Here is another example from my file.  I can’t give you a screenshot because there are so many events that it needs a scrollbar.  This will give you an idea of how important it is to know where a person was living when if you are trying to track down records. This is my grandfather’s half brother Woodrow Wilson Simmons.  In this case I am looking for all of Woody’s marriages (I have mentioned Woody before).

02 January 1920 – Oak Grove, Lamar County, Mississippi (census)
07 April 1930 – Lamar County, Mississippi (census)
19 April 1940 – Lamar County, Mississippi (census)
11 March 1943 – Baxterville, Lamar County, Mississippi (obit)
17 November 1958 – Walker, Livingston Parish, Louisiana (obit)
15 May 1960 – Cheyenne, Laramie County, Wyoming (obit)
22 November 1967 – Walker, Livingston Parish, Louisiana (obit)
02 July 1976 – Denham  Springs, Livingston Parish, Louisiana (obit)
(I didn’t add the sources for these because the sources aren’t important to illustrate the point and I am too lazy to add them)

The last five are from obits.  That Wyoming one is important.  I got that one from his half sister Ada’s obituary.3  I would have had no idea that he spent time in Wyoming.  Would I have remembered this entry from Ada’s obit when working on Woody if I hadn’t made a residence event for him?  Probably not.  It just so happens that Woody’s granddaughter told me that Woody possibly married in Colorado.  Perhaps it wasn’t Colorado but rather Wyoming.


1 "Walter W. Simmons," Hattiesburg American, 18 November 1958, p. 2, col. 4. 

2 "Rapisarda, Elouise," The Sun, 03 Jul 2003; transcriptions, Genealogy Bank (http://www.genealogybank.com : accessed 26 Jun 2008), Recent Newspaper Obituaries Collection.

"Mrs. Ada Bounds," Hattiesburg American, 17 May 1960, p. 10, col. 6.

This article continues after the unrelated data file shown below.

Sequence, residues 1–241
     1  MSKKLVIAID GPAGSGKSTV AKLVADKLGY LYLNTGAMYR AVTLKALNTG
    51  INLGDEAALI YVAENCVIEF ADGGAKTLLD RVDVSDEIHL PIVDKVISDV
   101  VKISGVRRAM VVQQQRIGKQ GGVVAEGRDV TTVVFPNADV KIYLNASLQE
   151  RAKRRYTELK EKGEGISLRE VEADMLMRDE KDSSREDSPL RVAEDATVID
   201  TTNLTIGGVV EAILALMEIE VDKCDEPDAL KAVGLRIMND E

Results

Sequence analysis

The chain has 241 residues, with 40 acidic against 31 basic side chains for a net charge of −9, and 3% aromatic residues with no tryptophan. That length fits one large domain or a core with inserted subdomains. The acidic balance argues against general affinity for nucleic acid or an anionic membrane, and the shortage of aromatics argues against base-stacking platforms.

Copyright © 2013 Michele Simmons Lewis

4 comments:

  1. I usually try to put in the residence from obituaries especially. I have one for my 3rd great-grandma that was the best find. The headline is, "Pioneer Effington Woman Leaves Descendants to the Number of 100." Not only does it list her children & where they were living, it also lists all the names & residences of her married grandchildren, 25 of them. Some I never would have found because a lot had moved to ND & the vital records don't go back that far.

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  2. I have frequently listed the addresses from death certs etc. in the Events. I even created my own event category called "Address at time of Death." However......I'm not consistent enough in adding the locations from other sources like obituaries. Thank you for bringing this to my attention Michele. Mmmm....more work to do. Keeps me busy. LOL!

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  3. I don't consistently add the Residence Event from obituaries, but I have found especially when I have a tough problem to solve, that looking at where the children all lived from the obituaries very helpful. Sometimes, though the information isn't quite right, particularly with older obits written by the newspaper and the town names get bungled. But following those residences have helped me find siblings and children! I'm going to add this idea to my Brick Wall Class.